Neonatal jaundice

Notes

## Basic introduction

  • Jaundice or icterus is a visible manifestation of increased levels of bilirubin in the body
  • Hyperbilirubinemia is toxic to the developing Central Nervous System resulting in:

_Loss of hearing

_Athetosis (abnormal muscle contraction)

## Statistics

  • Globally, 60% of term and 80% of preterm babies will have jaundice with bilirubin > 5mg/dL in the 1st wk of life
  • Globally, 8 - 9% of term babies have bilirubin levels > 15mg/dL in the 1st days of life
  • In a study undertaken at Kilifi District Hospital (Kenya) between November 1999 and April 200, Neonatal jaundice was associated with a high mortality in the first week of life. Of the 87 infants admitted with jaundice as a primary problem, 23 received an exchange transfusion, seven (30%) of whom dieda.

## Causes of jaundice (hyperbilirubinemia)

  • Jaundice appearing at birth or within 24hrs after birth may be due to:

_Hemolytic Disease of Newborn (HDN or Erythroblastosis fetalis) –due to Rh antibodies

_G-6PD deficiency

_Infections:

||| Malaria

||| Bacterial infections

||| Viral infections

  • Jaundice appearing within 1- 3 days after birth may be due to:

_Sepsis neonatorum

_Polycythemia

_Physiological causes:

 ||| In some neonates, some degree of jaundice is physiologically normal as the liver is yet to be fully developed to metabolize bilirubin and there is physiological polycythemia

 ||| It tends to subside after about 14 days

 ||| The bilirubin blood level in most cases may not exceed 15mg/dL

_Subarachnoid

_Cephalhematoma

_Intraventricular hemorrhage

_Increased enterohepatic circulation 

  • Jaundice appearing within 3 - 7 days after birth may be due to:

_Sepsis neonatorum

_Syphilis

_Toxoplasmosis

_Drugs such as cephalosporins and sulphonamides

  • Jaundice appearing 7 days after birth may be due to:

_Prolonged direct jaundice such as:

||| Neonatal hepatitis that is caused mainly by unknown factors and to a lesser extent by viral infections such as cytomegalovirus, rubella, and hepatitis A, B or C

||| Breast milk jaundice

||| Metabolic disorders

||| Extrahepatic biliary atresia

||| Amino acid toxicity

_Prolonged indirect jaundice such as:

||| Hypothyroidism

||| Criggler-Najjar Syndrome

||| Breast milk jaundice

||| Infections such as malaria

||| Pyloric stenosis

## Factors that predisposes to bilirubin toxicity

  • Acidemia
  • Hypothermia
  • Hyperglycemia
  • Prematurity
  • Sepsis
Symptoms
  • Yellow baby
  • Clay or colored stool
  • Dark urine that stains the nappy yellow
  • Serum bilirubin > 15mg/dL in case of pathological jaundice but lower in physiological jaundice
  • Complications:

_Acute bilirubin encephalopathy (reversible brain damage)

_Chronic bilirubin encephalopathy or kernicterus (irreversible brain damage) that manifest as:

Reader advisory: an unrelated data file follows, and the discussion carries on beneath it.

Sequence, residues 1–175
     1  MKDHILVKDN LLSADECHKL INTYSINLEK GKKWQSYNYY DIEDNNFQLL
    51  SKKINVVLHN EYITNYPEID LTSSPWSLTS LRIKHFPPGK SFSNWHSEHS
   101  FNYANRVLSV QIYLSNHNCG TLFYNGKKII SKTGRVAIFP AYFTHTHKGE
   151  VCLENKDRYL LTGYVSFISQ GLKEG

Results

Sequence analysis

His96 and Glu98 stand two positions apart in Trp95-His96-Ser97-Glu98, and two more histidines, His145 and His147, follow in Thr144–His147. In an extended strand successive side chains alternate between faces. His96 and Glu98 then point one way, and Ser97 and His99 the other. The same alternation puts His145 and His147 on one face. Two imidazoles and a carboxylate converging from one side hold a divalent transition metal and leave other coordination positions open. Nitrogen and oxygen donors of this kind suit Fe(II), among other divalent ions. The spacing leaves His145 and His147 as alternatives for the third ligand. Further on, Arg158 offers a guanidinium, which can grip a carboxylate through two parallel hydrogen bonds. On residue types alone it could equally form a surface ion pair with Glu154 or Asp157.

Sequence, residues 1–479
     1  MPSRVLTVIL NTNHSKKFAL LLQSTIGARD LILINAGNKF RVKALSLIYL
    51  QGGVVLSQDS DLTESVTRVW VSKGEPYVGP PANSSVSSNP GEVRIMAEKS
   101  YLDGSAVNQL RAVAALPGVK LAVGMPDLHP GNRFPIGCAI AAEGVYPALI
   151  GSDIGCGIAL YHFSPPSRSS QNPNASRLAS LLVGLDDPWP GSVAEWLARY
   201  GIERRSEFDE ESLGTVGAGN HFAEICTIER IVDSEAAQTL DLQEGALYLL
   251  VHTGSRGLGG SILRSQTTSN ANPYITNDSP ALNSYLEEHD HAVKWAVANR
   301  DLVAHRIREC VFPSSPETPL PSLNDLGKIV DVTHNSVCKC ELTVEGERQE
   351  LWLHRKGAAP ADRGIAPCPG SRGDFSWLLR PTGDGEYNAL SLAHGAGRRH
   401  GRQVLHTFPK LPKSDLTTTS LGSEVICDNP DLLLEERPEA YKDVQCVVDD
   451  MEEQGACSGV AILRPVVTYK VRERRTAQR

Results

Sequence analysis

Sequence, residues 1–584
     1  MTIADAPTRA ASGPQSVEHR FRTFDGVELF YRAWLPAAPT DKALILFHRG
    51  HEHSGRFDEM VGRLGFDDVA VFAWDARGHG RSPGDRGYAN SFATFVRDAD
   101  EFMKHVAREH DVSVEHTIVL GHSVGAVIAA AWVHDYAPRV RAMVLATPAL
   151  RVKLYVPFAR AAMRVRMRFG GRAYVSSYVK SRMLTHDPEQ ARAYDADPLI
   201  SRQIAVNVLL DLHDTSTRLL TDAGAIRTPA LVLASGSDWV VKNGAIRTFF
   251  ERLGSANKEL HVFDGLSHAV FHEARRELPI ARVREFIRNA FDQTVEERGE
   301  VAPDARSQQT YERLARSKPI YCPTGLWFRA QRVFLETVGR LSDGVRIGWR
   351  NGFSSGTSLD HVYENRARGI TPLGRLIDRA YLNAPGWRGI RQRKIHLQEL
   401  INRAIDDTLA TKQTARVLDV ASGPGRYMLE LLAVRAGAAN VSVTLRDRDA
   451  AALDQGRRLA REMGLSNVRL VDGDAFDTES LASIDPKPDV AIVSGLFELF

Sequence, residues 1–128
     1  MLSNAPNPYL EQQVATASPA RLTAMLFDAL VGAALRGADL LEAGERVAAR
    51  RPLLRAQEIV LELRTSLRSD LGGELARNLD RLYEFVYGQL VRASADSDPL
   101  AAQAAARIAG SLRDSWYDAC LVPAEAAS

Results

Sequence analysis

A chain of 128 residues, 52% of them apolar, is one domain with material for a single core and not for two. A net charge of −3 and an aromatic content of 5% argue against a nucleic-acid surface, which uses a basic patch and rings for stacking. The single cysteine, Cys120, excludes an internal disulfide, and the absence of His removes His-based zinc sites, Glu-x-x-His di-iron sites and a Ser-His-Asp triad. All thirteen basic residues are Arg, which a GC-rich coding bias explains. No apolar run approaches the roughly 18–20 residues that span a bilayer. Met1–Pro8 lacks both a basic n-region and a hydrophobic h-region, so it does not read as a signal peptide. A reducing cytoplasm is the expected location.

||| Absent startle reflex

||| Bulging fontanelle

||| Cerebral palsy

||| High-pitched cry

||| Opisthotonos (hypertonia of extensor muscles with arched back and hyperextended neck)

||| Hypotonia

||| Intellectual disability

||| Muscle rigidity

||| Poor sucking and feeding

||| Seizures

||| Sensory hearing loss

||| Speech difficulties

||| Coma

Diagnosis
  • Clinical review, especially for the sign of jaundice
  • Measurement of serum bilirubin
  • Blood grouping for the mother and the baby
  • Blood culture, if infection is suspected
  • Coomb’s test, which is antiglobulin serum that is used to detect RBC that is sensitized with:

_IgG alloantibodies such as Rh and ABO antibodies

_IgG autoantibodies

_Complete components

Differential
  • It depends on the underlying cause(s)
Prevention
  • It depends on the underlying cause (s)
Reference
  1. Bhutani, V. K., Johnson, L. H., & Keren, R. (2004). Diagnosis and management of hyperbilirubinemia in the term neonate: for a safer first week. Pediatric Clinics, 51(4), 843-861
  2. Gowen Jr C. Anemia and hyperbilirubinemia. Kliegman R Nelson Essentials of Pediatrics 5th ed Philadelphia, Pa: Elsevier Saunders. 2006; 313-22. ... 2005; 159(4):402-3. 4.
  3. English, M., Ngama, M., Musumba, C., Wamola, B., Bwika, J., Mohammed, S., ... & Newton, C. R. J. C. (2003). Causes and outcome of young infant admissions to a Kenyan district hospital. Archives of disease in childhood, 88(5), 438-443.
  4. Kenyan Ministry of Health. Clinical guidelines for management and referral of common conditions at levels 4-6. Hospitals. 2009; 3:259-
Management
  • Physiological jaundice requires no treatment but close observation
  • Adequate feeding and hydration
  • Pathological jaundice can be treated by:

_Phototherapy

_Exchange blood transfusion

||| One cycle should take 45-60 minutes

||| 10-20 mL of blood should be exchanged over this period

||| The target should be to exchange about twice the volume in infant (2x85mL/kg)

_Comprehensive investigations to establish the cause

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